To obtain the sysprep files, you can use the installation CD/DVDs for each operating system or use the following links to download them (these links are detailed in VMware KB1005593):

Windows Version vCSA Sysprep Directory Sysprep Version
Windows 2000 Server SP4 with Update Rollup 1

http://www.microsoft.com/downloads/details.aspx?FamilyID=0c4bfb06-2824-4d2b-abc1-0e2223133afb

Or

The updated Deployment Tools are available in the Support\Tools\Deploy.cab file on the Windows 2000 SP4 CD-ROM. To download this file, visit the following Microsoft Web site:

http://technet.microsoft.com/en-us/windowsserver/2000/bb735341.aspx

/etc/vmware-vpx/sysprep/2k 5.0.2195.2104
Windows XP Pro SP2

http://www.microsoft.com/downloads/details.aspx?FamilyId=3E90DC91-AC56-4665-949B-BEDA3080E0F6

/etc/vmware-vpx/sysprep/xp 5.1.2600.2180
Windows 2003 Server SP1

http://www.microsoft.com/downloads/details.aspx?familyid=A34EDCF2-EBFD-4F99-BBC4-E93154C332D6

/etc/vmware-vpx/sysprep/svr2003

5.2.3790.1830

(srv03_sp1_rtm.050324-1447)

Windows 2003 Server SP2

http://www.microsoft.com/downloads/details.aspx?FamilyID=93f20bb1-97aa-4356-8b43-9584b7e72556

/etc/vmware-vpx/sysprep/svr2003

5.2.3790.3959

(srv03_sp2_rtm.070216-1710)

Windows 2003 Server R2

http://www.microsoft.com/downloads/details.aspx?FamilyID=93f20bb1-97aa-4356-8b43-9584b7e72556&displaylang=en

/etc/vmware-vpx/sysprep/svr2003

5.2.3790.3959

(srv03_sp2_rtm.070216-1710)

Windows 2003 x64http://www.microsoft.com/downloads/details.aspx?familyid=C2684C95-6864-4091-BC9A-52AEC5491AF7&displaylang=en /etc/vmware-vpx/sysprep/svr2003-64

5.2.3790.3959

(srv03_sp2_rtm.070216-1710)

Windows XP x64http://www.microsoft.com/downloads/details.aspx?familyid=C2684C95-6864-4091-BC9A-52AEC5491AF7&displaylang=en /etc/vmware-vpx/sysprep/xp-64

5.2.3790.3959

(srv03_sp2_rtm.070216-1710)

Windows XP Pro SP3

http://www.microsoft.com/downloads/details.aspx?familyid=673a1019-8e3e-4be0-ac31-70dd21b5afa7&displaylang=en

/etc/vmware-vpx/sysprep/xp 5.1.2600.5512

Guest Operating System Customization Requirements

Guest operating system customization is supported only if a number of requirements are met.

VMware Tools Requirements

The most current version of VMware Tools must be installed on the virtual machine or template to customize the guest operating system during cloning or deployment.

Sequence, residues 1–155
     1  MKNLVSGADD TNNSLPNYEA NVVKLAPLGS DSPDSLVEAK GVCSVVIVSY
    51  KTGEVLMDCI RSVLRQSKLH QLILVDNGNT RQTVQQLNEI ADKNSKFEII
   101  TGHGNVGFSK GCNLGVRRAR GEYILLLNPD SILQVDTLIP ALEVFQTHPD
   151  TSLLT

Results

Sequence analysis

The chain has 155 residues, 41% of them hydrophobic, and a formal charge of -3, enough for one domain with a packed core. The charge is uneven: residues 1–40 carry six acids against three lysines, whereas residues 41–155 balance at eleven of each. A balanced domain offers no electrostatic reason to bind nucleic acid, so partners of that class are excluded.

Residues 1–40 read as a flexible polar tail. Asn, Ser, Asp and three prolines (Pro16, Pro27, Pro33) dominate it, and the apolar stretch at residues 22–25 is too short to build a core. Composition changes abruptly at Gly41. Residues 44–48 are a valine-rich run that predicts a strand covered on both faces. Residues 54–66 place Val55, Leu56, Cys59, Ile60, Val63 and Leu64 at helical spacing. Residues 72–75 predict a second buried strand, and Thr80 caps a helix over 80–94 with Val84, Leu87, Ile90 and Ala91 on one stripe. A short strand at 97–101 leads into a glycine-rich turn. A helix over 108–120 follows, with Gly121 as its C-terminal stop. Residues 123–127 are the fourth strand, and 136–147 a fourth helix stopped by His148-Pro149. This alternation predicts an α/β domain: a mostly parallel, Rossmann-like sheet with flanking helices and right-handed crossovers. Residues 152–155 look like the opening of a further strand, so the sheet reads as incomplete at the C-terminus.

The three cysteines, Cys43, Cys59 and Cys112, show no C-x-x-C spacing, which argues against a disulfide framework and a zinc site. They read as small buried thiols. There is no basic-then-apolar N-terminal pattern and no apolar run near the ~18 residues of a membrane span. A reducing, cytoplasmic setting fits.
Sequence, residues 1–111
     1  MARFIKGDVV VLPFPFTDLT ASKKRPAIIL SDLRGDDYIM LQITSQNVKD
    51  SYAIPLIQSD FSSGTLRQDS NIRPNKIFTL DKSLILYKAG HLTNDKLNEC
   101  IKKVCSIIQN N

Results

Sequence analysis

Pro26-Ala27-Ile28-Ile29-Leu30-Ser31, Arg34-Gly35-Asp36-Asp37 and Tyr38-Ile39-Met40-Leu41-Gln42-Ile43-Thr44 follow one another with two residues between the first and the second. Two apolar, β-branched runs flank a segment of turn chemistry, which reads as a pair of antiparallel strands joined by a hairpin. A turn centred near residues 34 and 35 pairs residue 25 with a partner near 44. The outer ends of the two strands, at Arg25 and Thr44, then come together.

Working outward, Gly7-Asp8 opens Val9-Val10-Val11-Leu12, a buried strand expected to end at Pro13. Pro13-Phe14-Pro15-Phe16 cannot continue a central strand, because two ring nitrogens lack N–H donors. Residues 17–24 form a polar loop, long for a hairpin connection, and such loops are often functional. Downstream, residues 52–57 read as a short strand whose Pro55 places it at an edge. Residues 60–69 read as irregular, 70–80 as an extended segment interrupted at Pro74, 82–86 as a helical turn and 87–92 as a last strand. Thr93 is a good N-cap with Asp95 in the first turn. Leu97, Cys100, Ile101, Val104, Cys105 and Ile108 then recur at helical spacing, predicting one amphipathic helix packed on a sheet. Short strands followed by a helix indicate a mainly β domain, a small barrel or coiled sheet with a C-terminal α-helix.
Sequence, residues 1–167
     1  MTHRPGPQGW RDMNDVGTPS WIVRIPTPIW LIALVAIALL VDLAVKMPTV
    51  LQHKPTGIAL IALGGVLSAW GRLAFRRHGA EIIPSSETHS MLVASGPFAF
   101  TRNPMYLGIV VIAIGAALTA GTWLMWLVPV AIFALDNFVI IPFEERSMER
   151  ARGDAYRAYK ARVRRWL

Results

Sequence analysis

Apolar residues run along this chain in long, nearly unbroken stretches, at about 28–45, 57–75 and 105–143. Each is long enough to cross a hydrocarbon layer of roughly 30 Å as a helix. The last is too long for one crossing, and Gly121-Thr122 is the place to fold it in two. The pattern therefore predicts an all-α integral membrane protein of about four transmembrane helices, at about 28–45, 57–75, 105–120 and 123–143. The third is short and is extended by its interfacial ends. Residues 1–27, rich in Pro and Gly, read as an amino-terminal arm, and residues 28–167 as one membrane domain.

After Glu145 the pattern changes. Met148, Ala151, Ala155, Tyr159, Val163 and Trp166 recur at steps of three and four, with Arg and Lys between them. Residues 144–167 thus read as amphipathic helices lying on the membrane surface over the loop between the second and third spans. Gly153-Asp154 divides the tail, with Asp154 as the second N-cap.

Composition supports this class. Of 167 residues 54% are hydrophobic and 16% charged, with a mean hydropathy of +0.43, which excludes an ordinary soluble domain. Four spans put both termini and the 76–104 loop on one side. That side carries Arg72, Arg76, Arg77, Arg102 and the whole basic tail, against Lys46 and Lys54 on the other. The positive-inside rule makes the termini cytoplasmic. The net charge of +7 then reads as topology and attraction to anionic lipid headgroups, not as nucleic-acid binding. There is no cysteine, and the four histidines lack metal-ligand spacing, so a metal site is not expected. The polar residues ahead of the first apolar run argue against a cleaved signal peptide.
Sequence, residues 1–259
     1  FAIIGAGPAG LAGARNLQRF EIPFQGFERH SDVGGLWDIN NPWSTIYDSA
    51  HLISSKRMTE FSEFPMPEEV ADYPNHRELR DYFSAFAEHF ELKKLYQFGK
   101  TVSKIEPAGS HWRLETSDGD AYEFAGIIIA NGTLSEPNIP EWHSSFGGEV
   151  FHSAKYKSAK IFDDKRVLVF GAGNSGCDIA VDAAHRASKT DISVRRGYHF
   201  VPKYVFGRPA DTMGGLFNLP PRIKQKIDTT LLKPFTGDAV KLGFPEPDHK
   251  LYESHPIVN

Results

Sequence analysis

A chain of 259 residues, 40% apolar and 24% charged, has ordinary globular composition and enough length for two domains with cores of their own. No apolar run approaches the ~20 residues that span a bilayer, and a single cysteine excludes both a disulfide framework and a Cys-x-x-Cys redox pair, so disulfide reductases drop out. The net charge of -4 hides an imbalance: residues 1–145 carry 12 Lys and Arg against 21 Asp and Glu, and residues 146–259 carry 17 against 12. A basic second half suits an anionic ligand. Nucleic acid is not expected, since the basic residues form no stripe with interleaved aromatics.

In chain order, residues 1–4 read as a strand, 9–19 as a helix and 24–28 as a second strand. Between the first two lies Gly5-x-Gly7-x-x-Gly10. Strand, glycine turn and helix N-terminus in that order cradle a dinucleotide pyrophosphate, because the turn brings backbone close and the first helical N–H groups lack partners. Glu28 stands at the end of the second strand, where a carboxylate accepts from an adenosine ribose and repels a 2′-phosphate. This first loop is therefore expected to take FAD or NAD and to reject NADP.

Virtual Disk Requirements

The guest operating system being customized must be installed on a disk attached as SCSI node 0:0 in the virtual machine configuration.

Windows Requirements

Customization of Windows guest operating systems requires the following conditions:

  • Microsoft Sysprep tools must be installed on the vCenter Server system.
  • The ESXi host that the virtual machine is running on must be 3.5 or later.

Linux Requirements

Customization of Linux guest operating systems requires that Perl is installed in the Linux guest operating system.

Guest operating system customization is supported on multiple Linux distributions.

Verifying Customization Support for a Guest Operating System

To verify customization support for Windows operating systems or Linux distributions, see the Guest OS Customization Support Matrix.

A look at VMware vCloud Director Organization LDAP Authentication Options

VMware vCloud Director can use three different authentication mechanisms for subscriber authentication to the VCD portal. The portal is accessed using the URL https://<cloud-url>/cloud/org/<organisation>. In this post, I’ll try to highlight some of the authentication options that a subscriber can use to access the VCD portal.

Supported LDAP Services

Platform LDAP Server Authentication Methods
Windows Server 2003 Active Directory Simple, Simple SSL, Kerberos, Kerberos SSL
Windows Server 2008 Active Directory Simple
Windows 7 (2008 R2) Active Directory Simple, Simple SSL, Kerberos, Kerberos SSL
Linux OpenLDAP Simple, Simple SSL

VCD LDAP Options

A provider can configure a subscriber to use three different authentication mechanisms as highlighted by Figure 1.

Figure 1 – VCD LDAP Options

  1. Do not use LDAP (also known as local authentication)

    This is the simplest authentication method, selecting this radio button when configuring a new Organization will not use any kind of LDAP service. Instead, new users will need to be configured using the VCD GUI or the VCD API, and these users will be stored within the VCD database. Some of the disadvantages when using the local authentication are:

  • Groups cannot be used
  • A minimum length of 6 character only
  • No password complexity policies
  • No password expiration policies
  • No password history
  • No authentication failure controls
  • No integration with enterprise identity management systems
  1. VCD system LDAP service

    Selecting this will force the Organization to use the same LDAP service as the LDAP service that is used by the VCD system (Provider). Although, a separate OU can be used for each Organization, this is not the ideal model to use for large cloud deployments. Some of the disadvantages when using the VCD system LDAP service are:

  • Organizations must use the same LDAP service as the Provider.